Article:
Street sex workers often have a difficult time getting the most out of drug rehab because of their inability to discuss the root causes of their trauma, and the stigma associated with sex work, a recent study found.
Researchers from the University of Bristol in the U.K. conducted 20- to 90-minute interviews with 24 current and former street sex workers with a history of heroin and/or use of crack cocaine to discuss their experiences in addiction treatment. The interviews revealed that many of the participants in the study had issues coming clean about their sex work, and when they did, they were often stigmatized by others in treatment or staff members who were unable to empathize.
According to researchers, drug use among street sex workers is more prolific than other drug users, and they aren’t as successful in achieving abstinence, which results in a higher mortality rate. In addition, they found that many of the addiction treatment services that are available do not have programs that are specifically catered to sex workers.
Group therapy, which has been found to be an effective modality in addiction treatment, was actually counter productive for street sex workers who felt unable to discuss their sex work due to fear of attracting negative attention and sexual advances from male group members. Participants who chose to discuss their sex work found that they constantly needed to deflect advances or run the risk of involving themselves in unhealthy relationships. These relationships, if entered into, often caused early termination of treatment, “and could ultimately lead them back to drug use,” researchers stated.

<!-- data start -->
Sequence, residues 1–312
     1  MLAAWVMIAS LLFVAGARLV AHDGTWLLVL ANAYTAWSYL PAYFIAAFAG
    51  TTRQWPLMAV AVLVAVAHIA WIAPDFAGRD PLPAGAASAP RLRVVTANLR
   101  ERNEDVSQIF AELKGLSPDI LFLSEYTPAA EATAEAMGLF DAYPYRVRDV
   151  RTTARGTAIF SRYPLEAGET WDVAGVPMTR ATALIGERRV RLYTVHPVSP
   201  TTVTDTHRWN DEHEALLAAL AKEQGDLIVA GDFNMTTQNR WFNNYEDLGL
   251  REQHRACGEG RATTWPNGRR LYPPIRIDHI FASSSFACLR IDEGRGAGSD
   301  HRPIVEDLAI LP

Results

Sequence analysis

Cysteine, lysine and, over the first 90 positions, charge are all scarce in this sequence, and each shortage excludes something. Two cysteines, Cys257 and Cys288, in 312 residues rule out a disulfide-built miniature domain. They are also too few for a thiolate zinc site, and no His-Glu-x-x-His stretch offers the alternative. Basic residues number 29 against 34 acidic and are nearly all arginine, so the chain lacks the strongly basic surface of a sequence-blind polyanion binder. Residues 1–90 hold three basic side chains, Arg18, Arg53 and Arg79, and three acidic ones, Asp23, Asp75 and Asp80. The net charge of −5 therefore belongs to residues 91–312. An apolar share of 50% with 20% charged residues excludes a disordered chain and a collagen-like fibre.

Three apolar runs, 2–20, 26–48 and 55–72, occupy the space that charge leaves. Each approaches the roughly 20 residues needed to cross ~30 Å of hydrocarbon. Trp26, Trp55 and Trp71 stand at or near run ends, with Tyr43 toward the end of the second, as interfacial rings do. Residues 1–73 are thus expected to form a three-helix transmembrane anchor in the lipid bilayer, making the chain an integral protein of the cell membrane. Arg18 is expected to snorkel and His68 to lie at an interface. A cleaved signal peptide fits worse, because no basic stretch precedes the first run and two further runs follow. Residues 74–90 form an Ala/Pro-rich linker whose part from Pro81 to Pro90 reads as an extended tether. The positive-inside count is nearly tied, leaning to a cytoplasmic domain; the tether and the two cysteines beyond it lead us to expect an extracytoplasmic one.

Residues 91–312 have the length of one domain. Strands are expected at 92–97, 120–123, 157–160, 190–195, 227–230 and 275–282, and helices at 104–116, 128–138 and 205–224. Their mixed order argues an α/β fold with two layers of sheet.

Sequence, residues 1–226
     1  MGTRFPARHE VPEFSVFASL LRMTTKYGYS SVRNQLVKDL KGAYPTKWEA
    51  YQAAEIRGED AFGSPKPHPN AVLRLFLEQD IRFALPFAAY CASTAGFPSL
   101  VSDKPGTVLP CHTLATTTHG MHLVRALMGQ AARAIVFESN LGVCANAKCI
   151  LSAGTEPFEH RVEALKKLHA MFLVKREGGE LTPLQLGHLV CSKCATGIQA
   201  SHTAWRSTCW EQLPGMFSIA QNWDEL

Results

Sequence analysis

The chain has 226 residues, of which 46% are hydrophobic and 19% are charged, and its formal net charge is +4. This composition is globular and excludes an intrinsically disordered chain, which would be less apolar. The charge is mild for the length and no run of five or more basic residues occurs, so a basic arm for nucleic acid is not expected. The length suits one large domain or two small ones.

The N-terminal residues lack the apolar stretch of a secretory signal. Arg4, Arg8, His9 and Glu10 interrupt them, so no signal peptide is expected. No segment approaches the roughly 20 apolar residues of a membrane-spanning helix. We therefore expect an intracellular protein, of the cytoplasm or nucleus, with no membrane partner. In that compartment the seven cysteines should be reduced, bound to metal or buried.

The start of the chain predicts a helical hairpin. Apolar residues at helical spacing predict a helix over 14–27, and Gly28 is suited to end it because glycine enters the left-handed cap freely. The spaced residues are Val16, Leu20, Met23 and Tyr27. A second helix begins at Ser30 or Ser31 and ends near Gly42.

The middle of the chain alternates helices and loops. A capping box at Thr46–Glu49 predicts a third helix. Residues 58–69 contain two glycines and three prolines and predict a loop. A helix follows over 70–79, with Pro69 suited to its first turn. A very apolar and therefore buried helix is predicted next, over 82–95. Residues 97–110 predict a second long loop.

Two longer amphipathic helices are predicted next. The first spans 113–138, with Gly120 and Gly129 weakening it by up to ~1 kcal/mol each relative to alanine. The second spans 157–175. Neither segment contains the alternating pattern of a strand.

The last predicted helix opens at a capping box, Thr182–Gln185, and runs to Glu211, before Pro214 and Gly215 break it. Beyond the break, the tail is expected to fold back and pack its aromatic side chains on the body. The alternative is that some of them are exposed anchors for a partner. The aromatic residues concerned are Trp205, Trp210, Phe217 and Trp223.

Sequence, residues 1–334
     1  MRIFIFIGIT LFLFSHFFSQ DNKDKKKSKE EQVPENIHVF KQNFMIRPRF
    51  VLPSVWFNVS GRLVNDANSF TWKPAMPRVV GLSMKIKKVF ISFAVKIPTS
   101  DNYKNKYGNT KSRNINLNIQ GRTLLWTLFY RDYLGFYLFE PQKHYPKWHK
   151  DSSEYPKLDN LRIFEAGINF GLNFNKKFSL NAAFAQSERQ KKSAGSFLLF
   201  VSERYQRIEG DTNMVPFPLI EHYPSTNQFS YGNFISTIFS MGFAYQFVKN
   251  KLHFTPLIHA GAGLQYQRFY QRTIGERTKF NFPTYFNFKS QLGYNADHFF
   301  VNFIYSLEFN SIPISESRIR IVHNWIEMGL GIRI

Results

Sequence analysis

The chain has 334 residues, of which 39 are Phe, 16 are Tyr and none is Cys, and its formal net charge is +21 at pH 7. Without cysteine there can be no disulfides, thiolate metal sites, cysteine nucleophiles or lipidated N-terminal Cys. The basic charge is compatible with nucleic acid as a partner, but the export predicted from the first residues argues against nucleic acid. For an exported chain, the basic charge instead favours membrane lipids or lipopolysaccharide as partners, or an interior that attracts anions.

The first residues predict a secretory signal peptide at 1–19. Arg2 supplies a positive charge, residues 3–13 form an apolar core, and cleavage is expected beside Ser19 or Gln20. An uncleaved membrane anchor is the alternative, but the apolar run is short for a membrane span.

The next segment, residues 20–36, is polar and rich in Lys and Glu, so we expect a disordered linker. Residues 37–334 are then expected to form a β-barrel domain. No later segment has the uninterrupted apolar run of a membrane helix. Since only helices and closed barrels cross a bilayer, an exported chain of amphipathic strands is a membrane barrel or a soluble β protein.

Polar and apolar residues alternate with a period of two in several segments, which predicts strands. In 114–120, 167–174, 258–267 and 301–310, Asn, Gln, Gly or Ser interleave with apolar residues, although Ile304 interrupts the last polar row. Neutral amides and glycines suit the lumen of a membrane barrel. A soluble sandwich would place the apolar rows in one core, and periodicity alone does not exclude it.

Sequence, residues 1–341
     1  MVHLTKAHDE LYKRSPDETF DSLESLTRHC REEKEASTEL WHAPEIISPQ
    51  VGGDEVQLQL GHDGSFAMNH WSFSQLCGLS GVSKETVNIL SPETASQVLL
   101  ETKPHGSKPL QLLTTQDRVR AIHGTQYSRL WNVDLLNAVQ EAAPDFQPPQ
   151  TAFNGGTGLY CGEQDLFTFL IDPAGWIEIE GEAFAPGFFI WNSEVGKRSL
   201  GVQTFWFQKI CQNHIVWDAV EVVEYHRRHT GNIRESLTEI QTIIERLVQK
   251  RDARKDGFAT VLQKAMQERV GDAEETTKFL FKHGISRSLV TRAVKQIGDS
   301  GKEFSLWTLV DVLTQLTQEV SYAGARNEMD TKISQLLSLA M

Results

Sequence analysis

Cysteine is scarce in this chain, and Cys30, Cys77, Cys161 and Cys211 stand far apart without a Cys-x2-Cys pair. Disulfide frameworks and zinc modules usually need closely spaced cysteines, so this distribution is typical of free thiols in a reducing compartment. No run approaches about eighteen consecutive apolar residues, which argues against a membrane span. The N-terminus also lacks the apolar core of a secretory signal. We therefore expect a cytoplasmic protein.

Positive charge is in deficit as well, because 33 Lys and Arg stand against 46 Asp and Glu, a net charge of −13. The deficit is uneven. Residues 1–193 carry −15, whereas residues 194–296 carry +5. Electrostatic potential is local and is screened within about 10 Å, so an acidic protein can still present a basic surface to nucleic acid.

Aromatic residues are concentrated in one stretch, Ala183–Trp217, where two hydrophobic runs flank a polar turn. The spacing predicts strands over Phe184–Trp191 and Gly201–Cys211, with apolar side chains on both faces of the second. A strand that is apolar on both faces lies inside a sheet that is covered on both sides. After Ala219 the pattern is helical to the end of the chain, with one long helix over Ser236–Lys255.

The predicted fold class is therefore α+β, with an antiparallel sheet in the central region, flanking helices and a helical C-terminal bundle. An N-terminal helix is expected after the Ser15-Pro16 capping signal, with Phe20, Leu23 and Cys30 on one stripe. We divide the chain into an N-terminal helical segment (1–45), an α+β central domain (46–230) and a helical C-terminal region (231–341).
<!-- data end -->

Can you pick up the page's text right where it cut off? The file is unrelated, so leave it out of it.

One-on-one therapy sessions were more productive, as many participants stated that they were able to go below the surface and discuss personal issues, which they felt they could not do in a group setting. However, staff gender was an issue for the female participants who felt it was difficult to be in a one-on-one setting with a man.
Treatment that required medication had mixed reviews. Some participants were able to doctor shop and manipulate health-care workers to receive excessive amounts of medication. Others stated that there was a lot of turnover in the facilities they visited to receive medication, and as a result, there was a lack of trust between the participant and the health-care workers providing the medication. However, there were instances in which staff members were “ex-service users,” who could empathize with street sex workers and were described as giving them hope for recovery.
All the participants in the study stressed the importance of receiving addiction treatment services that made them feel safe and able to address their experiences as sex workers. They also stated that groups focused solely on street sex workers could provide the safe and judgement-free environment they needed to… (continue reading)